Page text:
24 August, 2008

British media and Dr.Fleming(1)

It is interesting to trace back its consequences, after Dr.
Florey and his Oxford team proved the penicillin efficiency
for bacterial infections in human.

British newspapers correctly reported the penicillin therapy?
or, what reported or said the British newspapers, magazines
about penicillin therapy to the peoples ?

British media picked up one Doctor, and made up a success
story of Dr.Alexander Fleming. But, Dr.Fleming had no
contribution for the first clinical trail of penicillin for bacterial
infections in mouse and human. Instead, he was jealous of
Dr.Florey's success.

Also, Dr Fleming broken the ethical rule of Doctors in 1940's
England, that Doctors did not advertised themselves or their
work by giving personal interviews to the press.

Dr. R.G. Macfarlane of Oxford University described -----------
On 30 August 1941, the British Medical Journal published an annotation
on the Lancet paper describing the clinical use of penicillin in Oxford.
The annotation referred to Fleming's discovery in 1929, and suggested that
its therapeutic possibilities had not , at that time, been realized.

Fleming immediately took exception to this, writing a letter to the Editor
of British Medical Journal on 1 September, in which he complained that
insufficient recognition had been given in the annotation to his work.

To the impartial observer, it might seem that he had little to complain about.
His discovery had been duly acknowledged, and he could hardly expect
much more than that, because he really had done almost nothing to promote
the therapeutic use of penicillin.

His first(1929) paper on penicillin (which had mainly stressed its use in
bacteriology) contained the words, " it may be an efficient antiseptic for
application to, or injection into area infected with penicillin-sensitive

On 5 August 1942, Fleming telephoned to Florey asking for a supply
of penicillin to treat a personal friend who had been ill for the past seven
weeks at St.Mary's Hospital. The patient had then developed signs of
streptococcal meningitis and seemed to be dying. He himself took the
penicillin by the next train to London, and told Fleming exactly how to
use it.

For six days Fleming gave the recommended doses, but it was clear
that the penicillin was not reaching the infection in the brain.
So. after consultation wit Florey, Fleming injected the penicillin into
the spinal fluid, and the streptococcal infection was overcome.

Within a few days the patient had completely recovered, and it was agreed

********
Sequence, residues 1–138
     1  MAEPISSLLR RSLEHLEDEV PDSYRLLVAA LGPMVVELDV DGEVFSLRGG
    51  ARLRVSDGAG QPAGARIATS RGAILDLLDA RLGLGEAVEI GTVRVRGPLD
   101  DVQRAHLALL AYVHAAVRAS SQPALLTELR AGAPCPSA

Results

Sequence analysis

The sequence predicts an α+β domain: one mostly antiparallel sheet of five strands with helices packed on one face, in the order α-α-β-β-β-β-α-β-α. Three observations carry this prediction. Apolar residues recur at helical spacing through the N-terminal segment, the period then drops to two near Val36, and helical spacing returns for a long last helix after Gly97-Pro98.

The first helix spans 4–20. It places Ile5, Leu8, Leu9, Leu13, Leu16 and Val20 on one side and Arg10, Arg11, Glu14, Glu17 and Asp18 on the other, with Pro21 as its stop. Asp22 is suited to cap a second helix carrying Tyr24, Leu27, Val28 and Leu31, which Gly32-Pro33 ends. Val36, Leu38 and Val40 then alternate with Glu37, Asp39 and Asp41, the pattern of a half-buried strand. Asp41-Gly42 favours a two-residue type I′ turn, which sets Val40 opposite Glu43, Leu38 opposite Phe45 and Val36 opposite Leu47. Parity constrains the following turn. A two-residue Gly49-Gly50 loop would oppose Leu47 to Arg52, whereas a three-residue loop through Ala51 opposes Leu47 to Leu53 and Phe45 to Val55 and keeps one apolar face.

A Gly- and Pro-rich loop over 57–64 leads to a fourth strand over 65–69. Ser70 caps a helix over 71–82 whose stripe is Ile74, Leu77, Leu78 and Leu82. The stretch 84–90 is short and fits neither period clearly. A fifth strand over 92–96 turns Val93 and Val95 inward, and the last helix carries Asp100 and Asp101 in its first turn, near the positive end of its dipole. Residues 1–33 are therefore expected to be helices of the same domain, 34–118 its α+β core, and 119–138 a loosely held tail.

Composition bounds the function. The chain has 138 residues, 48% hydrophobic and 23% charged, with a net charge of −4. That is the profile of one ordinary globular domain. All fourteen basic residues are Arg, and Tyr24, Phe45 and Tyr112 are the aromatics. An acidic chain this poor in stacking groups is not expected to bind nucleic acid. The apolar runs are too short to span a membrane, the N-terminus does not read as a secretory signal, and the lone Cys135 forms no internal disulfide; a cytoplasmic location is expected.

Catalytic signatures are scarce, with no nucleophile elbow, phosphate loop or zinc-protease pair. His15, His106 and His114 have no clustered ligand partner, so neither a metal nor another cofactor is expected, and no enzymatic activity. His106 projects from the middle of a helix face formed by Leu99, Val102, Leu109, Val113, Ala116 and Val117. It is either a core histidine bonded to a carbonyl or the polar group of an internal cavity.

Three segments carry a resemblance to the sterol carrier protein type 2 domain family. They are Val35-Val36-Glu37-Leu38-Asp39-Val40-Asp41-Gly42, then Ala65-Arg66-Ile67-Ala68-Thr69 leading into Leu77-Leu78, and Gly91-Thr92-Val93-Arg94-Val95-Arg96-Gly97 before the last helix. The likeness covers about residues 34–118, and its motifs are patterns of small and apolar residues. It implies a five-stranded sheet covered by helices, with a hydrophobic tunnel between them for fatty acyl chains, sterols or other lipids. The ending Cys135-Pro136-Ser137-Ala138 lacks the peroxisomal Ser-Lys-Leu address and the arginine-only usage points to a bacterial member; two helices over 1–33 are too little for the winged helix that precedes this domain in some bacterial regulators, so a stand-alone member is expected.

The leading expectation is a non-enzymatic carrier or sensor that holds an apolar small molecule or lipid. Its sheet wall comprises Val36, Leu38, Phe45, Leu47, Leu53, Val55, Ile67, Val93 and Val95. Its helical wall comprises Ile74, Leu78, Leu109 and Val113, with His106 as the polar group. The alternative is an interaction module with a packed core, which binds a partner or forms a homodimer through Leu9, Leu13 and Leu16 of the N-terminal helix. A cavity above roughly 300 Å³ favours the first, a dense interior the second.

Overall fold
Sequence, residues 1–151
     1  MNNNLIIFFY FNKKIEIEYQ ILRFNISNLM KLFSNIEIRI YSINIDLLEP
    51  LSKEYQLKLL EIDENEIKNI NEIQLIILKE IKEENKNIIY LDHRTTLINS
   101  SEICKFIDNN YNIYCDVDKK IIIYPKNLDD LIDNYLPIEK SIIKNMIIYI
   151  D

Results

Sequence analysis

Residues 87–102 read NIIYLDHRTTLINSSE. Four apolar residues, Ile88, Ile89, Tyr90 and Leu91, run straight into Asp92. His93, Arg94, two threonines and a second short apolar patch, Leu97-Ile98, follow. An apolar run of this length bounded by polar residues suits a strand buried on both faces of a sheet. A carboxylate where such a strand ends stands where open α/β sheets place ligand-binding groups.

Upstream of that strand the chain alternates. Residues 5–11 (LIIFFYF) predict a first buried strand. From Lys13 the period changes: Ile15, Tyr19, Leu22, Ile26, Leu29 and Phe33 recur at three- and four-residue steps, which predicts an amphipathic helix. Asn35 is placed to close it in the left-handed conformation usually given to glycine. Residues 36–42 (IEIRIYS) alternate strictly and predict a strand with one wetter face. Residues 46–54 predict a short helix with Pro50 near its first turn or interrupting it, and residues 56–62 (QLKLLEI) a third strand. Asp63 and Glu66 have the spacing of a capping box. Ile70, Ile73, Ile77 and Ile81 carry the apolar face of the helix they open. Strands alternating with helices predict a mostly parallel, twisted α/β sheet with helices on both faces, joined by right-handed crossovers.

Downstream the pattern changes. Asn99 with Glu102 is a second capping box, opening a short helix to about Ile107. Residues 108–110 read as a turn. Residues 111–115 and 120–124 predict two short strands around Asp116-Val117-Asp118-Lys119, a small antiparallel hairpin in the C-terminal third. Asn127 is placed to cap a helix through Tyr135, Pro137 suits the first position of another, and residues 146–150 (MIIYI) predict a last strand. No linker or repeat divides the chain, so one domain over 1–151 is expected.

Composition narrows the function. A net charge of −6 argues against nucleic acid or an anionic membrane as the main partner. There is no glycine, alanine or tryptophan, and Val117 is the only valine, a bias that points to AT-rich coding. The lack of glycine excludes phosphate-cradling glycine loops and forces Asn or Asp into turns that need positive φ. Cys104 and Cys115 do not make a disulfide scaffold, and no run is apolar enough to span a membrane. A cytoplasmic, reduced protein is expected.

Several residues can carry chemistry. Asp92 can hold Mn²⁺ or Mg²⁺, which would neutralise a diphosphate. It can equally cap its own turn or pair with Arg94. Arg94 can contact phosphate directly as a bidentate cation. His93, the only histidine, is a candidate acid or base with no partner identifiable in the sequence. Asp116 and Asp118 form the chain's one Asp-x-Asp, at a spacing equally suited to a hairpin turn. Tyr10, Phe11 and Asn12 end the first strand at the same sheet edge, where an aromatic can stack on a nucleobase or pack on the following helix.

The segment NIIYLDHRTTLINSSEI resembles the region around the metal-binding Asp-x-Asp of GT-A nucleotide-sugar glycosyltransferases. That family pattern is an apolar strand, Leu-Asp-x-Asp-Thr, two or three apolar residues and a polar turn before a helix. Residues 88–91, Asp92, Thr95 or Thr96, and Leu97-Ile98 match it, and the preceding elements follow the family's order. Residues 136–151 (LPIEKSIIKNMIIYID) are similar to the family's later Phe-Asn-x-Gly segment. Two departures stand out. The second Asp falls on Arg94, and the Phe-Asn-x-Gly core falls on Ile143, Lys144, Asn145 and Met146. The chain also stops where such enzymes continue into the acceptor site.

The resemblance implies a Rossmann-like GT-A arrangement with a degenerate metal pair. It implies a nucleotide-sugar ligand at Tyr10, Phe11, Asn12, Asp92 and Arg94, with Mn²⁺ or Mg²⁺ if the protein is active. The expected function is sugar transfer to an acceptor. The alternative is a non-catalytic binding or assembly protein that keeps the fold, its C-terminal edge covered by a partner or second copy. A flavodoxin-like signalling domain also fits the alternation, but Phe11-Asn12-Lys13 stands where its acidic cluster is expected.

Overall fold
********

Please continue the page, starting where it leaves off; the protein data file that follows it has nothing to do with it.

between Fleming and Florey that this dramatic result should be included in
the current Oxford clinical trial. Penicillin had not before been given by
intarspinal injection( except in Florey's animal experiments).

It was also an episode of considerable interest and excitement at St. Mary's
Hospital. News of this miracle cure at St. Mary's Hospital was undoubtedly
in the air when The Times published a leading article headed 'Penicillium"
on 30 August. It drew attention to a remarkable new therapeutic substance
and, without mentioning names, referred to work in Oxford.

Sir Almroth Wright at once dispelled this anonymity with a letter to the
Editor on 31 August :
In the leading article on penicillin in your issue yesterday you
refrained from putting the laurel wreath for this discovery round
anyone's brow. I would, with your permission, supplement your
article by pointing out that, on the principle palmam qui meruit ferat
it should be decreed to Professor Alexander Fleming of this Laboratory
For he is the discoverer of penicillin and was the author also of the
original suggestion that this substance might prove to have important
application in medicine.

On the day of the appearance of Wright's letter, reporters besieged St. Mary
Hospital and evidently met with little resistance. That night an interview with
Fleming appeared in the Evening Standard, and on the following morning the
daily papers published varying accounts of his discovery of penicillin and its
astonishing effects. The Morning Chronicle selected him as ' The Man of the
Week' with a four-column article and his photograph.

Sir Robert Robinson had replied to Sir Almroth Wright with the letter to
The Times on 1 September;

If Fleming deserved the laurel wreath, ' a bouquet at last, and
a handsome one, should be presented to Professor H.W.Florey.

Ref: Howard Florey; the making of a great scientist. Oxford University Press.1980

Any questions: write to Keiji Hagiwara, MD,